Six Marin County fire engine crews and a bulldozer were sent to fires in Sonoma and Napa counties Wednesday and more stood ready as city and county firefighters girded for action across Marin.
"Our fuels are curing nearly a month earlier than normal, creating what is certain to be a longer and busier fire season," said county Fire Chief Jason Weber, noting a dry winter, hot weather and windy conditions prompted an early "red flag" fire warning this week. Officials expected to lift the warning thanks to easing winds, even though temperatures in the mid 90s were forecast Thursday afternoon.
After the fire warning was issued Tuesday, a wildland blaze broke out in Knights Valley northwest of Calistoga shortly after midnight, burning more than 100 acres within a few hours, and Marin firefighters were sent to help. Another Marin crew was in Napa County, assisting on a 75-acre blaze near Silverado Trail.
Officials with the National Interagency Fire Center in Boise, Idaho, said the two Northern California fires were part of "above normal" fire activity across the West. The Sonoma fire was fanned by winds stronger than the 25 mph bursts clocked atop Big Rock in Lucas Valley on Wednesday. Earlier this week, offshore winds churning the Pacific were powerful enough to keep Marin salmon boats at bay.
The skies have been as dry as the winds are strong. Marin Municipal Water District tallies indicate 5.11 inches have fallen at Lake Lagunitas in 2013, far below the average 31.5 inches for the first four months of the year. In all this water season, which stretches back to July, officials logged 38.4 inches, down from the 50.32-inch average for this time of the season.
"There are going to be a lot of red flag days this year," said Corte Madera Battalion Chief Paul Hager. "It's been dry and the grass is high," he said. "Sonoma County is burning already."
San Rafael fire Chief Chris Gray said the fire weather forecast "looks to be epic."
Plentiful rain last fall spurred growth that dried out this year, he noted. "So when temperatures go up, humidity drops and the winds pick up, they form a deadly combination that remains our most serious fire threat in the community," Gray said. "With fire conditions right, unfortunately it doesn't take much for ignition and then rapid fire growth."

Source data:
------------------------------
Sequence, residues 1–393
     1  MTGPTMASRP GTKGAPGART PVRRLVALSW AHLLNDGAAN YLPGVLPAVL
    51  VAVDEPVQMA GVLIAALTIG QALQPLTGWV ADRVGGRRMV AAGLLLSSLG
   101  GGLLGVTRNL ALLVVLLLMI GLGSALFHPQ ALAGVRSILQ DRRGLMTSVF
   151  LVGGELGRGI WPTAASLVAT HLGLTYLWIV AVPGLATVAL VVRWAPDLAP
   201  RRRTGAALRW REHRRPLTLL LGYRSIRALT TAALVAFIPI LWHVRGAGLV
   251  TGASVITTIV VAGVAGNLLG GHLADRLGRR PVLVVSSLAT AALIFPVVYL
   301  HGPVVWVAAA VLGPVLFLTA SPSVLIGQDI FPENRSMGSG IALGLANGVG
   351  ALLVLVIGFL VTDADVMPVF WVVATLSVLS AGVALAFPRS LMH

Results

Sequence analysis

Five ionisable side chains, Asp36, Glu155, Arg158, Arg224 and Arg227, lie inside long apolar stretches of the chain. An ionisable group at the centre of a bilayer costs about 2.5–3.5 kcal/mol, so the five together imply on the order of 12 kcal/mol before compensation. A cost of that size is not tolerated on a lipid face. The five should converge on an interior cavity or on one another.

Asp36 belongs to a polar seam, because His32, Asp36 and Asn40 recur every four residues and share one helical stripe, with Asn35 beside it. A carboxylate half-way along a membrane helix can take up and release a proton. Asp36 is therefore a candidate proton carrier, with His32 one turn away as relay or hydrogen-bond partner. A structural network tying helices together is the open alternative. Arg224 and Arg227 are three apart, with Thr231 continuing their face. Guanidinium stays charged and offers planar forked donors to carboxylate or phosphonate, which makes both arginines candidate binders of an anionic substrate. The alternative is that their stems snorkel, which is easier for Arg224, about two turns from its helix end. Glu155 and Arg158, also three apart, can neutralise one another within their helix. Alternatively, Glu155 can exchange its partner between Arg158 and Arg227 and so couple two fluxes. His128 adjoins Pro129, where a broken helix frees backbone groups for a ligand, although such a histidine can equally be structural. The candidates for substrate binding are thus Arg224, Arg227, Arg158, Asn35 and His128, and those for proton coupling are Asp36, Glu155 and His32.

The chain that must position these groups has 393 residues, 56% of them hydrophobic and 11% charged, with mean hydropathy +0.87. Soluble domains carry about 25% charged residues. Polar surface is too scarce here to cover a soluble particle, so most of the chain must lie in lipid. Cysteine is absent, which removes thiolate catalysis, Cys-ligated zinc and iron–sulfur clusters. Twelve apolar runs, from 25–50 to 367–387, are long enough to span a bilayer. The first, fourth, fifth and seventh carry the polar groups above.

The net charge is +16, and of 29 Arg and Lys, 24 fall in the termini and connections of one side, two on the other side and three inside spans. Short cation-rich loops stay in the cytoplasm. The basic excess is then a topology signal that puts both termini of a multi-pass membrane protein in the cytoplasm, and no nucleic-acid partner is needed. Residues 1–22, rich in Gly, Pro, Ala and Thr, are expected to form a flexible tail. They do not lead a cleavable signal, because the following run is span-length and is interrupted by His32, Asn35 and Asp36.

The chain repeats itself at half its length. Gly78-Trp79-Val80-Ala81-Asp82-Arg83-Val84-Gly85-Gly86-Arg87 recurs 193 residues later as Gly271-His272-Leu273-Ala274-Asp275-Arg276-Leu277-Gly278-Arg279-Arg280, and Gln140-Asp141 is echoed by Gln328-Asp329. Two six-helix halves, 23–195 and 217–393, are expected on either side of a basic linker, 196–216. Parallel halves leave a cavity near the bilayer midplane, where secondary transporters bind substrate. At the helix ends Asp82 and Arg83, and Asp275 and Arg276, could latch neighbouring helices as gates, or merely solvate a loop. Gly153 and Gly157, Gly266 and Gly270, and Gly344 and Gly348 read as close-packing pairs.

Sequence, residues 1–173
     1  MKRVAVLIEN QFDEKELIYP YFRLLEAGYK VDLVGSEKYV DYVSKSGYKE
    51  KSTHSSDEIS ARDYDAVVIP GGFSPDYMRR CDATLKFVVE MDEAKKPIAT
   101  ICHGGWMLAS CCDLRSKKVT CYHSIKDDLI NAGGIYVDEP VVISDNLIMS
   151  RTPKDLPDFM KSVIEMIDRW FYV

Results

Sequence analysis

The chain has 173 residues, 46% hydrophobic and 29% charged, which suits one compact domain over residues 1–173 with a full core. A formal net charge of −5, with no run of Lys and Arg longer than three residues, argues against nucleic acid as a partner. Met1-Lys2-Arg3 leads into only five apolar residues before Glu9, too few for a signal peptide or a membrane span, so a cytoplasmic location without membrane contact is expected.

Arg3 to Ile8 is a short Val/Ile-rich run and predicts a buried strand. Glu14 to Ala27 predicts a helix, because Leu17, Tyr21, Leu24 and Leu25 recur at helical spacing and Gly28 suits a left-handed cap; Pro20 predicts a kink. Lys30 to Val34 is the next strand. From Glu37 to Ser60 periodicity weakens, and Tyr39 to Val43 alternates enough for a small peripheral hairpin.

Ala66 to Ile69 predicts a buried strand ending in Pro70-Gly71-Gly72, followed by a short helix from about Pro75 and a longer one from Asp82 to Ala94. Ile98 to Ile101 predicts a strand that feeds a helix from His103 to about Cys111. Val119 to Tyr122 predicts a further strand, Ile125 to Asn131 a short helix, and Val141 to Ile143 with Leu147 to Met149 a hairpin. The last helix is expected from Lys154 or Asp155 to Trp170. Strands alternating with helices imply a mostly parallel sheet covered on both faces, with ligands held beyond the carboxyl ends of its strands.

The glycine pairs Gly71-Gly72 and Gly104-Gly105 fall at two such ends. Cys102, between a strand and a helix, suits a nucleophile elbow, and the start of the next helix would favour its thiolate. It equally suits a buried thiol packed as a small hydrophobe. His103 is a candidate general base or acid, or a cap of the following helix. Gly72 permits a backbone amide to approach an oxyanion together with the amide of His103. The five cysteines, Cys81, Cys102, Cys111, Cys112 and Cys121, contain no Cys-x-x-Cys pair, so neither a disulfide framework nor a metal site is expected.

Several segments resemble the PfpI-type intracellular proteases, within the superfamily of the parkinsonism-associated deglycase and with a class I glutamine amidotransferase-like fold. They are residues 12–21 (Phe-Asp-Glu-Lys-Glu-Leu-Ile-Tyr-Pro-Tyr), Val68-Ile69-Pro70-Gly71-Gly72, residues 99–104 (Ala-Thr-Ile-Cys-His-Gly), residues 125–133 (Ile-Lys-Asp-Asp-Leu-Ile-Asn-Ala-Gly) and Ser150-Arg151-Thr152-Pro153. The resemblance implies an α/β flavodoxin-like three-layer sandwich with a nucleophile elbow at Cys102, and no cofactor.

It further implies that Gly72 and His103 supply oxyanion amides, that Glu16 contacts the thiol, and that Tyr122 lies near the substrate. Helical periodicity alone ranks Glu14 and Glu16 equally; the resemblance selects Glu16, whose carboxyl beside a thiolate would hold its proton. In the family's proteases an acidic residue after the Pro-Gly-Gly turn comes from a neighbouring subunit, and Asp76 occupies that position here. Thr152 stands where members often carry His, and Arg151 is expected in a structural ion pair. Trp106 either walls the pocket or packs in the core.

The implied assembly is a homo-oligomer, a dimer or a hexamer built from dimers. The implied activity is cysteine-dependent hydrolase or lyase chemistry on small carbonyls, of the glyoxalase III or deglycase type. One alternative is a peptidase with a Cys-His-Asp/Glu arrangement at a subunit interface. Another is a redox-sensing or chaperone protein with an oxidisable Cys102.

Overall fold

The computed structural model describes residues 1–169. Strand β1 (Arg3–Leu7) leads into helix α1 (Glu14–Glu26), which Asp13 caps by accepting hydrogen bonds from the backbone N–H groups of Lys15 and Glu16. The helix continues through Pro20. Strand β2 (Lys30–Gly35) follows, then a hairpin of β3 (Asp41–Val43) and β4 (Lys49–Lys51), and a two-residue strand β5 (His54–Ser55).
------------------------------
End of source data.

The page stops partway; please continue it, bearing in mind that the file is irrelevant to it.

"We are expecting severe fire conditions in the weeks and months to come," Gray said. "San Rafael engines are fully staffed" the chief added, cautioning that prevention is the key as "we are severely overmatched by the power of nature and the fatal mix of fire weather, flammable brush, steep topography and homes in and around open space."
In Tiburon, "we are anticipating an early fire season," agreed Chief Richard Pearce, who joined others in urging residents to get ready now.
"There are many ways to provide defensible space around your home," Pearce noted, ranging from use of fire-resistant building materials and plants, "vegetation clumping to create islands," clearing of brush and debris and related strategies to "remove the fire ladder."
Officials said residents can call firehouses across the county for fire preparedness advice and often, as time allows, site inspections.
Weber said county firefighters will visit Marin neighborhoods in June to educate residents "on how to fire-harden their homes." He added 60 seasonal firefighters, some of them arriving at the Woodacre firehouse this week to pick up their gear, will augment the 85-member county department, enabling staffing of seven additional engines, the Tamalpais Fire Crew, a bulldozer and extra dispatch efforts over the summer.
He noted a countywide fire training exercise will send engines and firefighters to various Mill Valley and Tamalpais Valley locales this weekend, and that state fire officials will kick off an annual fire season warning campaign on Monday.
On Tuesday, county supervisors will declare "wildfire awareness week" as officials remind residents to take fire preparedness seriously.
Wildfires have been catastrophic in Marin County over the years. In the most recent disaster, campfire embers triggered the Vision Fire on Inverness Ridge in 1995, a blaze that destroyed 48 structures and burned 12,354 acres before it was doused by more than 2,000 firefighters from across the state.